Shifting gears: Back to work after baby

When it came to making child care arrangements for our soon-to-arrive firstborn, my husband and I spent the third trimester dutifully following the advice of every tip sheet we could put our fingers on. We […]

When it came to making child care arrangements for our soon-to-arrive firstborn, my husband and I spent the third trimester dutifully following the advice of every tip sheet we could put our fingers on. We interviewed, we inspected, and we finally agreed —a month before our daughter was even born—on a center that would offer exactly the mix of warmth and professionalism we were looking for when my maternity leave ended and I headed back to work.
backtoworkYet despite our confidence, sending our little one to daycare for the first time was an anxiety-filled, tear-soaked, mascara-streaked affair. Even if you trust your caregiver like your mother (and even if your caregiver is your mother), leaving your baby in someone else’s arms can be daunting, especially at first.
“You had this baby inside you for nine months,” says Beth Erickson, PhD, a Minneapolis-area family therapist. “For three months, you got to play with her and hold her and be with her whenever you wanted. Now you feel like you’re stuck at the office, and you miss your baby.”
Of the roughly 4.2 million American women who gave birth in 2010, about 62 percent were in the labor force, according to figures from the U.S. Census Bureau. In other words: A lot of us are going back to work. And as in any major transition, those initial weeks tend to be the most challenging. But with some practical—and emotional —preparation, you’ll get through them a bit more smoothly.
Show ’em how it’s done
Presumably, you’ve chosen a daycare center for its excellent references or a nanny based on her years of experience. You’re confident your caretaker knows how to work with children. But she doesn’t know how to work with your child—yet. You can help.
As you’re finishing up the obligatory roster of emergency contacts and sketching out your baby’s daily routine, think about making another list of the mothering tips and tricks you’ve been collecting since your little one came home. Does a particular lullaby have her sleeping in a snap? Does she prefer one pacifier over another? You know your baby best, so share your secrets.
For my baby, it was the sound of running water that quieted even the most intense crying jag. Once I thought to mention it to her grateful daycare center, everyone had a calmer day. “Good providers want to work with you to help your baby feel safe and happy while you’re away at work,” suggests Paula Baca, vice president of the California Association for Family Child Care. “It really helps when you tell us what works at home.”
Take it easy
Maybe you were always expecting to go back to work. Maybe you’re absolutely ready to go back to work. Nevertheless, coming off of maternity leave is a big adjustment. “The mother has barely made the transition to becoming a parent, and now she has to go back to a job,” Erickson explains. “She can expect to feel tremendously torn and tired at first.”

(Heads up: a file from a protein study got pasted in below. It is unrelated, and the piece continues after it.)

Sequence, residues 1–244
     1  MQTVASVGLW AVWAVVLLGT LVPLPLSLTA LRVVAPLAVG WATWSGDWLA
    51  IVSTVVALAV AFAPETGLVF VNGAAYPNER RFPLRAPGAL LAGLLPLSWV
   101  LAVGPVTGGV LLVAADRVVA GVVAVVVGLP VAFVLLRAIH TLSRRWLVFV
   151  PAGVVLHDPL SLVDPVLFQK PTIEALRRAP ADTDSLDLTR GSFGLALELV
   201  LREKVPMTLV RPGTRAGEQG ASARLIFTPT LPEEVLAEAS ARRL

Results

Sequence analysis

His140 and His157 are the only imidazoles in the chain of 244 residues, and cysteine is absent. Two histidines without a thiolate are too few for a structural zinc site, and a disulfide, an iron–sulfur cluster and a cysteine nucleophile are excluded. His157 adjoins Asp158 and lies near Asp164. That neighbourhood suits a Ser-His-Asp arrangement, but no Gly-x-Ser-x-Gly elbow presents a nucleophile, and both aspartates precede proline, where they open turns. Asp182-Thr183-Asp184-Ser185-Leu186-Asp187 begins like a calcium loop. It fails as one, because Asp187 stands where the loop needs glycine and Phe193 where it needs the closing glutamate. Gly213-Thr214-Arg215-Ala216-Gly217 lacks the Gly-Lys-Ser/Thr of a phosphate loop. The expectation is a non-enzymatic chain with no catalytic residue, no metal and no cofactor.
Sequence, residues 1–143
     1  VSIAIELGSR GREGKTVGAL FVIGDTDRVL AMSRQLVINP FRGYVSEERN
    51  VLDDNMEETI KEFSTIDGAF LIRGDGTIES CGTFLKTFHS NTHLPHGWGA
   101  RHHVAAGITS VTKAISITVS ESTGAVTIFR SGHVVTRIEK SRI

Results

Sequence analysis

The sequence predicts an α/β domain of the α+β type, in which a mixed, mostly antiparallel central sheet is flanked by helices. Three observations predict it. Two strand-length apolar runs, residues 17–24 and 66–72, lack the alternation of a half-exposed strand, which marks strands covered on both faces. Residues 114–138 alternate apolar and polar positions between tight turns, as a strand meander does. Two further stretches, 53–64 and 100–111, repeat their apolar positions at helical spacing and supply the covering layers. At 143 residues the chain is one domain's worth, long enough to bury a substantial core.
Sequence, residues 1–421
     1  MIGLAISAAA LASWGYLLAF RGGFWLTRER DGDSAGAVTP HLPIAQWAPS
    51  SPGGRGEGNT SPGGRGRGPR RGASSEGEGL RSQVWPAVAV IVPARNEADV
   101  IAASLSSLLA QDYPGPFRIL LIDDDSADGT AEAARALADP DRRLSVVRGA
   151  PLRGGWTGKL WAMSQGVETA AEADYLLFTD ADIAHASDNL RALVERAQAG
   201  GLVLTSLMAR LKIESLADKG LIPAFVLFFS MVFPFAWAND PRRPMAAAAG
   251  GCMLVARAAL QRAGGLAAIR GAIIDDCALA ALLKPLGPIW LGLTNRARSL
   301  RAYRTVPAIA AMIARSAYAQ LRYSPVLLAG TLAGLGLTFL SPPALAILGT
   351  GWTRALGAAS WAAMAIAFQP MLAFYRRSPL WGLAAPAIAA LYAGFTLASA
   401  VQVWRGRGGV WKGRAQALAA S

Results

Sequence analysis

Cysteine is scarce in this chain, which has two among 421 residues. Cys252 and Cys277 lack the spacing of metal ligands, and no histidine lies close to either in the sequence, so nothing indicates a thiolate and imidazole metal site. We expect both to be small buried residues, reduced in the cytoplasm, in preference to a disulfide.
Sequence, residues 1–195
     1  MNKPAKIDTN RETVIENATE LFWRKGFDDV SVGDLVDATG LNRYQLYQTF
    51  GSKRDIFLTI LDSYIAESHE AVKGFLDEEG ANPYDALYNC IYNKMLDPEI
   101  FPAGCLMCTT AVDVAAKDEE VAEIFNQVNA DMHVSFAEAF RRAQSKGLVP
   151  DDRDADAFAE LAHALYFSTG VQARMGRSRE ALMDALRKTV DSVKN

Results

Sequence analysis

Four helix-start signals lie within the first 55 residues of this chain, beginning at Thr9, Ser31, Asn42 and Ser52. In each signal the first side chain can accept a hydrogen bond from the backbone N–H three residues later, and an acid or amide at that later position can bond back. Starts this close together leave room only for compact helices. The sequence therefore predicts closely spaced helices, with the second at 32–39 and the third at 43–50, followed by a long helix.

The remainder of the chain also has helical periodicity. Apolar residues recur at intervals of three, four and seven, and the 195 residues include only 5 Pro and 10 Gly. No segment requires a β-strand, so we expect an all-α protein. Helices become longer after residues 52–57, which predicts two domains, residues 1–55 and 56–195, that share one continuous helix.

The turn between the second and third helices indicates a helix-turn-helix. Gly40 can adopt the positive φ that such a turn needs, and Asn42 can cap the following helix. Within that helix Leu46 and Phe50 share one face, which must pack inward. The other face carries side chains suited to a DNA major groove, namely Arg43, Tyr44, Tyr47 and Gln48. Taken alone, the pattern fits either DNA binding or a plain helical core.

Catching up with co-workers before heading back to the office can help ease you into work life, notes Erickson. So can starting up the daycare routine a week or so before your maternity leave is over. Dropping baby off for the first time and clocking in after a month or more away is a lot of change to pack into one morning.
Most importantly, consider how your return to the workforce will change routines and dynamics at home. Have you been handling most of the household chores? Taking on all the baths, diaper changes and feedings? It might be time for you and your partner to reassess. “One of the things for new mothers to keep in mind is that they can’t do it all,” Erickson notes. “Talk about how you are going to handle responsibilities as a team so the mother doesn’t end up trying to be superwoman.”
Set a positive tone, but prepare for tears
If your baby is only a few months old when you go back to work, the transition to day-care will probably be harder on you than it is on her, according to the American Academy of Pediatrics. Very young infants tend to adapt well to new caregivers, provided routines are consistent and the environment is comforting.
Starting around the 7-month mark, however, babies begin to develop some stranger anxiety, and drop-off can be more upsetting for them. Without making too much fuss about your leaving, create a little goodbye ritual, and reassure your child you’ll be back to get her. Above all, Baca advises parents to avoid the “distract-and-disappear” approach. “Having parents tell their child, ‘Goodbye, I love you, I’ll be back later,’ is better than having parents sneak out the door,” she said. “It helps the child learn to trust that you really will be back just like you said you would.”
Despite everything you do to soothe your child—and yourself—know that there’s no escaping the occasional tearful goodbye, says Risha Bracken, director of a large child care center in Stockton, California. “It’s always hard for parents, especially first-time parents, to leave their child with someone else while they work,” she says. But on those mornings when you find yourself reluctantly pulling yourself away from your crying little one, remember, “Most children are just fine within five minutes.”

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